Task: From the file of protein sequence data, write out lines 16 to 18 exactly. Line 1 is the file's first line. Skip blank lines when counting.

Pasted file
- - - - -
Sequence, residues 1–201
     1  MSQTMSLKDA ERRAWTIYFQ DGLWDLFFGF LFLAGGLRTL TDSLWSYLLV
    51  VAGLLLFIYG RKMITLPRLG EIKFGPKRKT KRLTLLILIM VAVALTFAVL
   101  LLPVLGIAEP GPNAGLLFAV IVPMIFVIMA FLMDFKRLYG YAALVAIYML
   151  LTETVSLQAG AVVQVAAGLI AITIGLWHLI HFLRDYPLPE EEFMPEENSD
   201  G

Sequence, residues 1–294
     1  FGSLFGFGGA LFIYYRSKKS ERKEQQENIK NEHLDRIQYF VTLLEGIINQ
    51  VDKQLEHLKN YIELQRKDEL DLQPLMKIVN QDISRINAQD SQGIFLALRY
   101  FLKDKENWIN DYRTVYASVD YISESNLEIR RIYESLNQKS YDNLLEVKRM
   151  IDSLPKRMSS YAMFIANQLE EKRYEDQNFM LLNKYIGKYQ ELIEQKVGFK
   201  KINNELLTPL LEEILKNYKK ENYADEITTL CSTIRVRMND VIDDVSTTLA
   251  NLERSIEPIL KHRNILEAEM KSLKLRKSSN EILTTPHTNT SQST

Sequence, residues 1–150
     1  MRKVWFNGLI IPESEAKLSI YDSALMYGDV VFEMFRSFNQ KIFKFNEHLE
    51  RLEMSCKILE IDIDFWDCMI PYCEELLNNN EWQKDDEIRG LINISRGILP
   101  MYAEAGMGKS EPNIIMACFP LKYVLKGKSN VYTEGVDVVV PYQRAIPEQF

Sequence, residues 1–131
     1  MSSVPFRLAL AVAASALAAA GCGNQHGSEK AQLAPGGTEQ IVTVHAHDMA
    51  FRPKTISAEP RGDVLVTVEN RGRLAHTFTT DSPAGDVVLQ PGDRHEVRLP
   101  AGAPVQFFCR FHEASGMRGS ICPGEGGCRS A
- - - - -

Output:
    51  RLEMSCKILE IDIDFWDCMI PYCEELLNNN EWQKDDEIRG LINISRGILP
   101  MYAEAGMGKS EPNIIMACFP LKYVLKGKSN VYTEGVDVVV PYQRAIPEQF

Sequence, residues 1–131